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Last.fm breach from 2012 affected 43 million users

Last.fm breach from 2012 affected 43 million users

The stolen passwords were hashed, but they're easily crackable

Stolen data obtained from music site Last.fm back in 2012 has surfaced, and it looks like hackers made off with accounts belonging to more than 43 million users.

That's according to LeakedSource, a repository for data breaches that obtained a copy of the stolen data. Included in the trove are users' names, email addresses and passwords secured with an aging hashing algorithm called MD5, LeakedSource reported in a blog post on Thursday.

Last.fm hasn’t responded so far to a request for comment. The music service reported the breach four years ago and asked all its users to change their passwords immediately. It never made clear how many accounts were affected, however, or the hashing method it used to secure the passwords.

LeakedSource said it obtained the stolen data from someone with the Jabber ID daykalif@xmpp.jp. Hackers have been regularly supplying the repository site with data taken from past breaches, partly to draw publicity to themselves.

A sample of the stolen data was provided and the information appears to be legitimate. LeakedSource said it took only two hours to crack more than 96 percent of the passwords from the database.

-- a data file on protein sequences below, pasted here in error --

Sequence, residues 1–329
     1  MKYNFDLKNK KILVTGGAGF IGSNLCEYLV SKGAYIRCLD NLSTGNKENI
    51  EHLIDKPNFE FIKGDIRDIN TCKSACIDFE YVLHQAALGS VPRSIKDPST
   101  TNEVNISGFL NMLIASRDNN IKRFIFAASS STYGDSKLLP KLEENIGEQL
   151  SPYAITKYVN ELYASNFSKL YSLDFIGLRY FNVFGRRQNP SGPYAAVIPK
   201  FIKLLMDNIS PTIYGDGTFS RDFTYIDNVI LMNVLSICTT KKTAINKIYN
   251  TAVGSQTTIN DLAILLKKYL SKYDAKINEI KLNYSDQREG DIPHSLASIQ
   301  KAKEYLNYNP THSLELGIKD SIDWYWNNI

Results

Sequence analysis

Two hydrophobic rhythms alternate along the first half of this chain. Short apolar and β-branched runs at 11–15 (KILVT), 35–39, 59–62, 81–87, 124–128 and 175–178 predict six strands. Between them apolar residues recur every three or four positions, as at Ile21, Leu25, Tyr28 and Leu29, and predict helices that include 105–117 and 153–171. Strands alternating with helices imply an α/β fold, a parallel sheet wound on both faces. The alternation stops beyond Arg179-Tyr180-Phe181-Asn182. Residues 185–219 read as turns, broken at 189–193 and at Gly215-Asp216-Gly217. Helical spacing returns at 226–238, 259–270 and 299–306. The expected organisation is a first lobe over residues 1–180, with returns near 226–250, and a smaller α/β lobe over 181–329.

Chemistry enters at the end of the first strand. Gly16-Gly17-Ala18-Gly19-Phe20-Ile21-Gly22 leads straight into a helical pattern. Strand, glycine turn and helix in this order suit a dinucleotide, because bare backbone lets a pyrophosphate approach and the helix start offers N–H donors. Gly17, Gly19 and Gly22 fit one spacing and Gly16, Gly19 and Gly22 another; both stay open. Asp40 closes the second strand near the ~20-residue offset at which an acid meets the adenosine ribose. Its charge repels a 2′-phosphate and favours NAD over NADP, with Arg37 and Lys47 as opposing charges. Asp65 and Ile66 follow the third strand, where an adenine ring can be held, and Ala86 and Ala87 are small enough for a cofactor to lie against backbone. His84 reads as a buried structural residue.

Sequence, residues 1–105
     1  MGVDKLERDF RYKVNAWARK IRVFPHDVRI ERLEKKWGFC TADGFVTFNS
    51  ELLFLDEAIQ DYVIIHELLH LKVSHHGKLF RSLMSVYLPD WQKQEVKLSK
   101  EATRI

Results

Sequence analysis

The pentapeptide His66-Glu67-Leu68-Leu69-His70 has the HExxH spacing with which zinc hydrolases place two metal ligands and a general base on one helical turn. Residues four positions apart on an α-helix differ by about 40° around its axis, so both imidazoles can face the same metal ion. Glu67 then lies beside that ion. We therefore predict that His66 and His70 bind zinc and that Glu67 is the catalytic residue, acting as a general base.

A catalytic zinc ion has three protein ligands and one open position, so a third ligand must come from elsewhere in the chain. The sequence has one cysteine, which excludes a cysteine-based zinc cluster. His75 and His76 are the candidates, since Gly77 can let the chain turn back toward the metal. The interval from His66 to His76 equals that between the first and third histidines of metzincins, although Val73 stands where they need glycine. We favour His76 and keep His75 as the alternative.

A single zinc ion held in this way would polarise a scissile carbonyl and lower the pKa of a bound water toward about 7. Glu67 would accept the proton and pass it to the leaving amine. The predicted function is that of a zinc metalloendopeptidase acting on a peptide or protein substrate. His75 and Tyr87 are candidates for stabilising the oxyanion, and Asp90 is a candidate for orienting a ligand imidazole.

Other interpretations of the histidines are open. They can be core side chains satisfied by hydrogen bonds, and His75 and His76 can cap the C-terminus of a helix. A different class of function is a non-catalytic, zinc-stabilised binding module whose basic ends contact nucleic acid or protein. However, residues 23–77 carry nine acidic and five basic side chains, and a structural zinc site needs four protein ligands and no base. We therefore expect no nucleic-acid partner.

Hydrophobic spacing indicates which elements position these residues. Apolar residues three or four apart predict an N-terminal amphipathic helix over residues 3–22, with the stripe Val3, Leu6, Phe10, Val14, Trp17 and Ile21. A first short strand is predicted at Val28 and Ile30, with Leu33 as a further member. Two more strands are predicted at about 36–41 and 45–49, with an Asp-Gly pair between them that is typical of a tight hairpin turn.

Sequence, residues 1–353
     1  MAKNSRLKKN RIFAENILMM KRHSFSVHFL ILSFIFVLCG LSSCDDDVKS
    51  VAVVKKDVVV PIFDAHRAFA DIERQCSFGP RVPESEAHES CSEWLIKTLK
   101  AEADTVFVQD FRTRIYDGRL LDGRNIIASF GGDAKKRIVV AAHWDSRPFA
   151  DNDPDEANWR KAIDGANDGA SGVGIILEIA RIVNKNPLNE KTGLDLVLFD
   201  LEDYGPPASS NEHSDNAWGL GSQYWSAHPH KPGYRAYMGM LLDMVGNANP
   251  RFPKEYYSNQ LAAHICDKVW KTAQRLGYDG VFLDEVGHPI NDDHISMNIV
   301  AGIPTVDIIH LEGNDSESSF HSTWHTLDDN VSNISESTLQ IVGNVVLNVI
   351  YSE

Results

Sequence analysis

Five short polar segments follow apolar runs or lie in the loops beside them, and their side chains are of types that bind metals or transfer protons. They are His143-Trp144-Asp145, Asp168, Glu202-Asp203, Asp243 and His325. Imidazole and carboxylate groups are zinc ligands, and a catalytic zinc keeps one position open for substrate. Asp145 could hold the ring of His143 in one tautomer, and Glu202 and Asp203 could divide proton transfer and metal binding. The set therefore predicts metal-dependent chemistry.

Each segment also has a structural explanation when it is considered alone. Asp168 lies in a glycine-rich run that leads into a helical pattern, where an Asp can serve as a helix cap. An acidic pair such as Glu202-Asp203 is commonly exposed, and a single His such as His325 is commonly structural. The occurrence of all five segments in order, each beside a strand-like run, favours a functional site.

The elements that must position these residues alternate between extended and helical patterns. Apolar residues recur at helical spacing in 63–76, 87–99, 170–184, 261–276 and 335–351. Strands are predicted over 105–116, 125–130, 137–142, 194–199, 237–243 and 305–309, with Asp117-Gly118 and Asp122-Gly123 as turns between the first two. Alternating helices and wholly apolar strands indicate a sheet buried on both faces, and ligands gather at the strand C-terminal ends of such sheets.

About 9 million of the accounts were registered with email addresses at hotmail.com, while another 8 million were at gmail.com.

Last.fm has been waning in popularity over the years. It’s currently the 1,765th most visited site in the world, down from 779th when the breach was detected in 2012, according to web traffic monitor Alexa.  

Still, hackers could have relied on the stolen data to attack other internet accounts, such as for affected users who reused their Last.fm passwords to register with other sites. 

News of the Last.fm breach comes as stolen data on 68 million Dropbox accounts has begun circulating more widely on the internet.

Anonymous hackers likely obtained that data also in 2012, meaning they had four years to exploit the stolen information before it became public. Security experts are urging affected users to change their passwords across all their internet accounts and to use two-factor authentication to secure them.

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